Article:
“Up until April 2016, our council was all Anglo. In this last election, I was able to run a campaign that focused on my side of town,” said Josue Alvarado, who was elected to represent District One in Whittier last April.
“Normally, it was the more affluent and conservative part of the city that would dominate the elections. For me, I’m a strong supporter of the district system, and I think that the City of Whittier is a good model for rolling it out. In the next election, we could even elect a Latina.”
It was a lawsuit by the Whittier Latino Coalition that lead to the change.
But not all Latino elected officials support district elections. Gloria Garcia, who is the first Latina mayor of Victorville, provided us with her perspective.
“Our city is very intermingled so I’m not sure that voting districts will make sense for Victorville. Right now we don’t have districts; we elect people to the city council at-large. I’m not sure that I’m going to be happy with a district system in my city because I don’t think that you can say that one particular area is strictly this ethnic group or that.”
Currently, there are two Latinos on the city council in Victorville. Earlier this year an attorney in Victorville sent a letter to the city saying that the at-large system dilutes the influence of African-American voters. As of the 2010 census, Victorville’s population is 48.5% white, 48.7% Latino, 16.8% African-American, 4% Asian, and 1.4% Native American.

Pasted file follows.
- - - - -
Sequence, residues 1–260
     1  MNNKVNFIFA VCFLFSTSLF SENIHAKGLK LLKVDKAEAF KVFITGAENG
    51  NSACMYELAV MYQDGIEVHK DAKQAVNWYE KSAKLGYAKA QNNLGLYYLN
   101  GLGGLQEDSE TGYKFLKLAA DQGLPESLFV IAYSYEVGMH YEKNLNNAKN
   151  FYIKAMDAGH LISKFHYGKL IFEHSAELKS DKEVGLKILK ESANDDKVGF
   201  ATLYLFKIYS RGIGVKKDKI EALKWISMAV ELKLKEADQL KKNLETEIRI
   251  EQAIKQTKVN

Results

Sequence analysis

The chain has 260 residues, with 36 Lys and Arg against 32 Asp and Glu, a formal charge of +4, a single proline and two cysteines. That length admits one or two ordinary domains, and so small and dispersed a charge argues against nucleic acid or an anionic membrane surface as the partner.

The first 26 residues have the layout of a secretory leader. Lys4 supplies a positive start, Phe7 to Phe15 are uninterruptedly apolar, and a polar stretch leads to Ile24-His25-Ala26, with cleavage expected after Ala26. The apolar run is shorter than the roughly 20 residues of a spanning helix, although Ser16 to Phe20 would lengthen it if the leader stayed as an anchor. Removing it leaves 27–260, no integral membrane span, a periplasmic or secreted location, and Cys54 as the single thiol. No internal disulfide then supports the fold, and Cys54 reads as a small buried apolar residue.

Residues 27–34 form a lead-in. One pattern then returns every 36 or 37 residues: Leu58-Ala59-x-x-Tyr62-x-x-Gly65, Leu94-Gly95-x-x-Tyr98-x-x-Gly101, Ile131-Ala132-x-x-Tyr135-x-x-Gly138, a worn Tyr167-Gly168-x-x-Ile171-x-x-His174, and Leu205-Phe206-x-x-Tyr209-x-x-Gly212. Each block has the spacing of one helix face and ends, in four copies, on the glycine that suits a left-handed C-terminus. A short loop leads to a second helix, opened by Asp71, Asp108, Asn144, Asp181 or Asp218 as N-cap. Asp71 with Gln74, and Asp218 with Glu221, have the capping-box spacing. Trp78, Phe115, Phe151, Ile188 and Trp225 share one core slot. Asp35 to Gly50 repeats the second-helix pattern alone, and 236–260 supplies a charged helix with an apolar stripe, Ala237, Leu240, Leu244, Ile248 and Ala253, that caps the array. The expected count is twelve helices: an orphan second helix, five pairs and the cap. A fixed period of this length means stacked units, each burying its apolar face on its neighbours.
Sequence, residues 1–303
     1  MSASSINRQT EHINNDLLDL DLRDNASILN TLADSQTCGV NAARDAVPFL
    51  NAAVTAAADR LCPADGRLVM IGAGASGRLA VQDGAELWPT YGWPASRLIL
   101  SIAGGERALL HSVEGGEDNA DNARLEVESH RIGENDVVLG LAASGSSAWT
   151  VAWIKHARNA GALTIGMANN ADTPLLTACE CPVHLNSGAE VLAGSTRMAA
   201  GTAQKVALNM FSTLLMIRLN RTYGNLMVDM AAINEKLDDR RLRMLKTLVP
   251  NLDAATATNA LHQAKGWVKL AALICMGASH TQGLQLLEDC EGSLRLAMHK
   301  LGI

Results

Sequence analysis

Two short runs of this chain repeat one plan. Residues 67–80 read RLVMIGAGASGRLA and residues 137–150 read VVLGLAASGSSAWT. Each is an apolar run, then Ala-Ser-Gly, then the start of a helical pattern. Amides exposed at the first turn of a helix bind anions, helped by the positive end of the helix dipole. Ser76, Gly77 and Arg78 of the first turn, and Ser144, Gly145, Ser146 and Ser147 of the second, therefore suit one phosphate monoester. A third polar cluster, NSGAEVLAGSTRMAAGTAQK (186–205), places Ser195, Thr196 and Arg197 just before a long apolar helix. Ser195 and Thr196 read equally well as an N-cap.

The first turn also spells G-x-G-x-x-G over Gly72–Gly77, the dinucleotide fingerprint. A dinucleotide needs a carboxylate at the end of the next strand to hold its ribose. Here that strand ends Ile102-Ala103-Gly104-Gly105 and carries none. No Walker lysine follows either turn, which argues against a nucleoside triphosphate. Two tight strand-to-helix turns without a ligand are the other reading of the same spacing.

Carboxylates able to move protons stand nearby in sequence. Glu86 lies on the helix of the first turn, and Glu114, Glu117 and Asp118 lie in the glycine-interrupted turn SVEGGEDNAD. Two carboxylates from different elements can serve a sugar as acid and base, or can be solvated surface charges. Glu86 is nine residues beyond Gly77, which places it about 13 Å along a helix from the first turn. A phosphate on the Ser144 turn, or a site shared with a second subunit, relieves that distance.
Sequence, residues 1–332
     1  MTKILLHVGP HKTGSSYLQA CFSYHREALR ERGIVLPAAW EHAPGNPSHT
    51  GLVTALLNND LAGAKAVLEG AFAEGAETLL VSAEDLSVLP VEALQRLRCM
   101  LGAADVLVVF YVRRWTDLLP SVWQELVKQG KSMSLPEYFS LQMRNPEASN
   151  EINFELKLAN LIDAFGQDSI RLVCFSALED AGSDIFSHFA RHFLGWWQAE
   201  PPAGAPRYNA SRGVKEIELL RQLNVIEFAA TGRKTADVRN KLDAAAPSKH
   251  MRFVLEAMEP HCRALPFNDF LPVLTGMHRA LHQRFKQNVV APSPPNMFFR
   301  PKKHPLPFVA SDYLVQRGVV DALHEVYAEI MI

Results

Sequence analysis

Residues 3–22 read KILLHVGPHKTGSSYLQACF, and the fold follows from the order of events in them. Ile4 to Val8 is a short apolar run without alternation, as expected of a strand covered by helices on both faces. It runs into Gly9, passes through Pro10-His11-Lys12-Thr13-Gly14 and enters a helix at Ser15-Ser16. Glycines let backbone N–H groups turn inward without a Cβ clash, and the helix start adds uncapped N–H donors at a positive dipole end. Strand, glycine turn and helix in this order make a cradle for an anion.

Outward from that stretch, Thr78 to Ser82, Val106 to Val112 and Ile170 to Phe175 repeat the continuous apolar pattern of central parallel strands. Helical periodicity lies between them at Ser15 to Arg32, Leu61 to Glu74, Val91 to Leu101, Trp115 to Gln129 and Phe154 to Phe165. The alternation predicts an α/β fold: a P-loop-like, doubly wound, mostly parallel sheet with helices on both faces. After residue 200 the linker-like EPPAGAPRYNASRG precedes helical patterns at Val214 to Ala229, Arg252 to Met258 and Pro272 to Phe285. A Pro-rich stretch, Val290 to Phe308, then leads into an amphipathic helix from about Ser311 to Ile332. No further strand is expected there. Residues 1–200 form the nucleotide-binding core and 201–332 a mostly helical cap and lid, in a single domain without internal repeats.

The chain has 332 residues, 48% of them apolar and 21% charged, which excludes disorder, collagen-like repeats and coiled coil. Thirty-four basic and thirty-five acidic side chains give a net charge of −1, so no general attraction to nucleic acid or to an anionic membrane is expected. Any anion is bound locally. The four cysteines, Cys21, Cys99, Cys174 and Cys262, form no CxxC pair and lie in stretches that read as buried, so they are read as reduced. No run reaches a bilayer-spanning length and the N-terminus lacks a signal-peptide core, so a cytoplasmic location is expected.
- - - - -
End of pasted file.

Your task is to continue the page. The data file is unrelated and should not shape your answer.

Victorville Council Member Eric Negrete agrees with Mayor Garcia their city doesn’t need to change their voting process but he says if a study underway reveals the current voting system leaves some communities out – he’d support the change.
“Things have changed, and we are in the process of adjusting to those changes. Our community is mixed very well, and I have reached out to the African-American community. I am concerned about having our communities of color being represented. So if the study recommends at-large districts, and we have to create those, I would get behind it.”
“It’s critical that those who have fought to be represented have an opportunity to collaborate with like-minded leaders to have their voices heard, and if they need to change the system to have that representation on boards, then yes, voting districts should be considered,” Martinez said.
In El Monte, Latinos constitute 69% of the population, and the next largest ethnic group is Asian at 25.1% as of the 2010 census.
Compton Community College District Trustee Sonia Lopez believes this issue is more than just about voting rights.